Question: Moscow is urging its European partners to preserve the nuclear deal with Tehran. What has been done to save it? Did you discuss measures to stabilise the situation at the informal talks today?
Sergey Lavrov: The OSCE is not a suitable platform for discussing Iran’s nuclear programme. This should be done at the Joint Commission of the Joint Comprehensive Plan of Action (JCPOA) that comprises countries-signatories to the plan. It has met recently at the level of political directors. There has been a proposal to hold a meeting at the level of foreign ministers. We are ready for this provided practical agreements are reached for discussion at such a meeting. This does not seem to be the case so far.
Of course, we have no interest in aggravating the situation with Iran and in the region as a whole. We hope Iran will show restraint. But we cannot turn a blind eye to objective facts. It is a fact that Iran has started enriching uranium to above the 3.67 per cent limit specified in the nuclear deal. It has reached the 5 per cent level and will likely strive for more, but this will not put it in violation of the Non-Proliferation Treaty, the IAEA Safeguards Agreement or the Additional Protocol to its Safeguards Agreement. We must take this into account when considering the present situation. Any additional commitments Iran assumed under the JCPOA should be discussed at the Joint Commission. The commission has the authority for this in accordance with the UN Security Council resolution on the JCPOA.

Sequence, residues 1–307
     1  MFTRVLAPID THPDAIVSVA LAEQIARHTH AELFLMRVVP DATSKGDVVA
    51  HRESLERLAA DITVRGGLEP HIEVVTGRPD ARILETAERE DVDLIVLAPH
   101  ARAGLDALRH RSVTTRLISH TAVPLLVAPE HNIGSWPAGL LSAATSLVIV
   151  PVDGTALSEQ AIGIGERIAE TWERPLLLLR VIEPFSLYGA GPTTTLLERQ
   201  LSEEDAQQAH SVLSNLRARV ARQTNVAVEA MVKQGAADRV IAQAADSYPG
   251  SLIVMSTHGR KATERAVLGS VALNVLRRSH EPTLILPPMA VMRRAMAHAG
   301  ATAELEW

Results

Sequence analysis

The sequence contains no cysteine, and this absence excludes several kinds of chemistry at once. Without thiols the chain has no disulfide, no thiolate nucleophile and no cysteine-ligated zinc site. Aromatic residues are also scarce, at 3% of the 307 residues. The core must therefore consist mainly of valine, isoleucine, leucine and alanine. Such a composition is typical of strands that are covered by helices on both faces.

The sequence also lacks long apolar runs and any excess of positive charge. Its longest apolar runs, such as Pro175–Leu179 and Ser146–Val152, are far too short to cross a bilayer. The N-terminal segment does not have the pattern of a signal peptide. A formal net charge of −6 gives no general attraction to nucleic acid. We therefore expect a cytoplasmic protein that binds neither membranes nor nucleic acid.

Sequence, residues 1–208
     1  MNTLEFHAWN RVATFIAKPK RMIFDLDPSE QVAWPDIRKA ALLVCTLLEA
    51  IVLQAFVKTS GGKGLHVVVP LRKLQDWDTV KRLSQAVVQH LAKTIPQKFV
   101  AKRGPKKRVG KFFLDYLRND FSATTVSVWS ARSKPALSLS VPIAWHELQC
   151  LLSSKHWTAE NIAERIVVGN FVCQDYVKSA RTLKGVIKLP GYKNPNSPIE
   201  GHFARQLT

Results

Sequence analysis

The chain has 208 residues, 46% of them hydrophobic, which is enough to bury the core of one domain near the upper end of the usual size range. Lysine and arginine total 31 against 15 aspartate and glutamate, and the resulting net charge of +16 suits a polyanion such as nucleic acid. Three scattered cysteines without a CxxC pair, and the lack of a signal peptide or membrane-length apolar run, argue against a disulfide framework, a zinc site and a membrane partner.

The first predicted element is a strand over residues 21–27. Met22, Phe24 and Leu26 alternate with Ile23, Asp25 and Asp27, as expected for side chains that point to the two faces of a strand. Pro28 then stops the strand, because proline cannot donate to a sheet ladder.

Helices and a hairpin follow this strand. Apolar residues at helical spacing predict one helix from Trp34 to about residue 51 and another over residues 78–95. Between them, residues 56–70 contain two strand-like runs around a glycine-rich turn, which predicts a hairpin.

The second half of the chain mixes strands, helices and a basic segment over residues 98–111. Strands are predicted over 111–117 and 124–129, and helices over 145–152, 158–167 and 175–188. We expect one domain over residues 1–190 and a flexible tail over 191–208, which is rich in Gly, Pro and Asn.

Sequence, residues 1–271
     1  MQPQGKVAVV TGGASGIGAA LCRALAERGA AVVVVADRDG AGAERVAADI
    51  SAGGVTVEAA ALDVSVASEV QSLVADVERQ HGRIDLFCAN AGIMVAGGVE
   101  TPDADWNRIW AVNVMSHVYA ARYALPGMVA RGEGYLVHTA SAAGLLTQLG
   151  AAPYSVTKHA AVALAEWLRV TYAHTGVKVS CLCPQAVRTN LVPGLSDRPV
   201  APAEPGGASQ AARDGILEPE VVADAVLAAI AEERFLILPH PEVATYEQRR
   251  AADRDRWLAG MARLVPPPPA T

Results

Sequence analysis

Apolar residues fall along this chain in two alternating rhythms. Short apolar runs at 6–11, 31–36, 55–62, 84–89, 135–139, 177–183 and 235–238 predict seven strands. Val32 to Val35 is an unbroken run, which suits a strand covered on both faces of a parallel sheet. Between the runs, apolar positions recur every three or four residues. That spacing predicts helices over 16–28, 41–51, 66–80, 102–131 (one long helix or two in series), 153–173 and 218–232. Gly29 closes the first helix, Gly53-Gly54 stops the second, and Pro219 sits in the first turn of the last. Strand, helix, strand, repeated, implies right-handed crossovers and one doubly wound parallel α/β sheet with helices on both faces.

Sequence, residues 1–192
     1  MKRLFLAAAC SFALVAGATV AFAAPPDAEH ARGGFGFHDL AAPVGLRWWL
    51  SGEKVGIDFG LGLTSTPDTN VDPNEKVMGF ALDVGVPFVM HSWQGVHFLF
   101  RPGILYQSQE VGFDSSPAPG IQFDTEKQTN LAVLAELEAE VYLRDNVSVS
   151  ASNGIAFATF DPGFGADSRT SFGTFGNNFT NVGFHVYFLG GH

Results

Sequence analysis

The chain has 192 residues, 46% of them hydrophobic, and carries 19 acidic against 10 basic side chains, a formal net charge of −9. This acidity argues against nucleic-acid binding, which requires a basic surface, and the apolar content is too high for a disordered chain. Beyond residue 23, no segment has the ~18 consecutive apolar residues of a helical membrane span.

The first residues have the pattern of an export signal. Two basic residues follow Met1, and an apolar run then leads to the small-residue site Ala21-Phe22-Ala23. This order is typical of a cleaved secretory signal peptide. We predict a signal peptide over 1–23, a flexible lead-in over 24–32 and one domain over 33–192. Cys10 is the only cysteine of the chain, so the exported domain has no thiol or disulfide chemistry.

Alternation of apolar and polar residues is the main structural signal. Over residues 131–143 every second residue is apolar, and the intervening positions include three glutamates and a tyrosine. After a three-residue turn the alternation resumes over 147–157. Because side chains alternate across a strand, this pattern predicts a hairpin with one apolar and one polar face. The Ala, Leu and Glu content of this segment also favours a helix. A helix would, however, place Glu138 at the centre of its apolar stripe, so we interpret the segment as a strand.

The situation is paradoxical. The United States has pulled out of the JCPOA and does not comply with the UNSC resolution, but at the same time it prohibits the other parties to honour this resolution while pointing the finger at Iran.
One more thing: when the White House and the State Department demand that Iran honour its commitments under the JCPOA, and when Israeli Prime Minister Benjamin Netanyahu demands, as he did the day before yesterday, that the EU punish Iran for violating the JCPOA, this logically implies that the United States and Israel should recognise the legitimacy of the JCPOA. However, they recognise its legitimacy only in the current situation, when problems with the JCPOA can be used to mount pressure on Iran.
It is not a wise approach. We are in favour of a search for solutions. We know very well who stands behind aggravating the confrontation. So far, there has been no investigation into the provocation concerning oil tankers. We do not see any way out of this situation other than demanding that all JCPOA signatories resume compliance with their commitments and the basic principles of the JCPOA. I do not see any other way. If our American colleagues or any others, for example Israel, have questions for Iran about its missile programme (they say they do have these questions), or Iran’s policy in the region, these are negotiable subjects. When we worked on the JCPOA, we insisted that it stipulate the need for a dialogue on regional matters. Nobody seems to remember this now. We should not destroy what took so long to create and what has made a huge contribution to the strengthening of the non-proliferation regime. We must safeguard this achievement, and any other questions that arise should be addressed collectively on the basis of mutual respect.